Marijuana laws are rapidly changing, with at least 20 states considering ballot measures this year to legalize pot in some way.
Twenty-three states and the District of Columbia have already legalized medical marijuana. Four of those states — Alaska, Colorado, Oregon, and Washington — along with D.C. have also legalized recreational pot use.
Although cannabis remains illegal under federal law, the U.S. Drug Enforcement Agency — which made marijuana a primary target in its “war on drugs” — is considering reclassifying it as a Schedule II drug, which could open the door to decriminalizing pot on a federal level.
As a result, many more landlords and property managers could face new considerations when it comes to how marijuana laws affect their lease agreements. There are a number of scenarios related to marijuana legalization you could find yourself in, but if you stay informed, you can take steps to address any changes in the legal landscape.
If Your State Legalizes Recreational or Medical Marijuana…
Landlords and property managers are not required to accommodate recreational put use under state laws, but they may choose to make some exceptions for tenants who use marijuana for medical purposes. Still, that doesn’t mean you have no control over how it’s used inside your building. And unless federal law is changed, you may still prohibit marijuana use in any form.
One of the first things you need to decide is whether you want to allow smoking of any kind in the building. Tobacco, for example, is a legal substance nationwide, but most property and business owners — restaurants, bars, apartment buildings — have the right to ban smoking cigarettes inside. The case for marijuana is no different.
You can easily add a few sentences to your lease agreement prohibiting smoking or using tobacco or cannabis on the property. However, there are other ways to use medical marijuana besides smoking it, such as using a vaporizer, eating THC-infused edibles, or using cannabis tonics and extracts. You could choose to specify which types of usage are allowed onsite, as long as you include this clause in the lease agreement.
Here are some marijuana addendum clauses that can be included in a lease to specify the approved cannabis use:
- The use of tobacco and cannabis in accordance with state law is allowed on the Premises. Prior written consent of the Landlord is required before medical cannabis may be grown on the Premises.
- This is a nonsmoking residence. No smoking, including medical marijuana, inside the home or on the Premise is permitted. However, consuming medical marijuana with a vaporizer or in cannabis edibles, tonics, or concentrates is permitted.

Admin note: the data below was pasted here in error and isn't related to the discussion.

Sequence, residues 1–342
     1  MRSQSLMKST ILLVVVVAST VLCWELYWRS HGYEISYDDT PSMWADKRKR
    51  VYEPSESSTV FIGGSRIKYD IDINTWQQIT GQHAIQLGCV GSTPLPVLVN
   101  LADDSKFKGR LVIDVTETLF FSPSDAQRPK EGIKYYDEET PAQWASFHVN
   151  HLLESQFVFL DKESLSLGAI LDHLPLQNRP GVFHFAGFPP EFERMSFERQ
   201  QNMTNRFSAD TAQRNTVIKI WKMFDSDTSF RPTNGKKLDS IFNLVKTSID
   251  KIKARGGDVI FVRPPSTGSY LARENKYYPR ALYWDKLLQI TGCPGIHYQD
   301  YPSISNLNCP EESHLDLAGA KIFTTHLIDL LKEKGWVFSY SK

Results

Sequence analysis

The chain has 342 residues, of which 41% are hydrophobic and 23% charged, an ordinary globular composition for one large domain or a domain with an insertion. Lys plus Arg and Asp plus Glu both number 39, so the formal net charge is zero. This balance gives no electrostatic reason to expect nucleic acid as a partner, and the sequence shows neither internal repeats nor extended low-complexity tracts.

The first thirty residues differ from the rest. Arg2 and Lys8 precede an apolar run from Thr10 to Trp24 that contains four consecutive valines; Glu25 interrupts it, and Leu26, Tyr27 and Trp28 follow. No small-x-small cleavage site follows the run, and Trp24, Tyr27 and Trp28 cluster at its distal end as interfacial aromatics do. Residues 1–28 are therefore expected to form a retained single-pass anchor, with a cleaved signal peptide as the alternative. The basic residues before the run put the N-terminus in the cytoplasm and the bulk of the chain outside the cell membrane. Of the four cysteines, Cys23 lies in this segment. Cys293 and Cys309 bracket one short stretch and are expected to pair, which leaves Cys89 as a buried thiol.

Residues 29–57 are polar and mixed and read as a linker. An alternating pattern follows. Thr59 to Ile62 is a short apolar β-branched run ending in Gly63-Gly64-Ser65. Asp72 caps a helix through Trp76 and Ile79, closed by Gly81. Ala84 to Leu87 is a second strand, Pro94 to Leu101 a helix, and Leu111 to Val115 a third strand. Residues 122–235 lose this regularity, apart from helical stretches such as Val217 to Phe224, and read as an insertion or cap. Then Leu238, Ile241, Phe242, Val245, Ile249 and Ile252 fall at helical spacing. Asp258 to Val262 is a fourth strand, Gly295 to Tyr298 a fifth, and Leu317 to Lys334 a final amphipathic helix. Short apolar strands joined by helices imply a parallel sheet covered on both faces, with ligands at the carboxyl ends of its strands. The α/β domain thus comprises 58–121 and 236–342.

- No recreational or medical marijuana may be grown or consumed on the Premises by the Tenant(s) or guest(s) without the prior written consent of the Landlord.
If No Form of Marijuana Is Legal in Your State…
Then you don’t specifically need to address cannabis in your lease agreement because it automatically falls into the category of illegal activity.
But — and this is a big but — with legal attitudes toward marijuana changing as fast as they are, your opportunity for recourse may become more complicated if you don’t explicitly address its use. You should include an anti-drug policy in your lease agreement, and make sure to include a marijuana addendum specifically outlining its prohibited use.
Here’s an example:
“Usage of cannabis and any other federally prohibited drug is not allowed on the premises. Further, tenant and their guest(s) may not engage in any illegal drug-related activity, including but not limited to medical cannabis on or near the premises. Landlord may terminate this agreement if tenant and/or guests engage in such activities. If this provision is violated, tenants will be subject to charges, damages, and eviction. Tenant forfeits their security deposit if there is any evidence of cannabis use on the premises.”
Can You Evict a Tenant for Using Marijuana?
In states where marijuana is banned, issuing an eviction notice to a tenant who violates your anti-drug policy or anti-marijuana clause is fairly straightforward.
But even in states where recreational and medical marijuana have been legalized, you have the right to evict tenants who violate the terms of your lease, which would be an eviction for engaging in federally illegal activity.
If you ban smoking marijuana — but not other forms of consumption of the drug — and a tenant continually violates that term, you can evict. This is why it is so important for a landlord to clearly state the rules concerning marijuana use in their lease agreements.
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